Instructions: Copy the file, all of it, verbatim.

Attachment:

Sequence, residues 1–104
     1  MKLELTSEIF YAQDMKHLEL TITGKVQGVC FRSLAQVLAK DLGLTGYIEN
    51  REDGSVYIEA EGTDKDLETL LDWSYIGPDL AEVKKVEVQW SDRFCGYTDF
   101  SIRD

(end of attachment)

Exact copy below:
Sequence, residues 1–104
     1  MKLELTSEIF YAQDMKHLEL TITGKVQGVC FRSLAQVLAK DLGLTGYIEN
    51  REDGSVYIEA EGTDKDLETL LDWSYIGPDL AEVKKVEVQW SDRFCGYTDF
   101  SIRD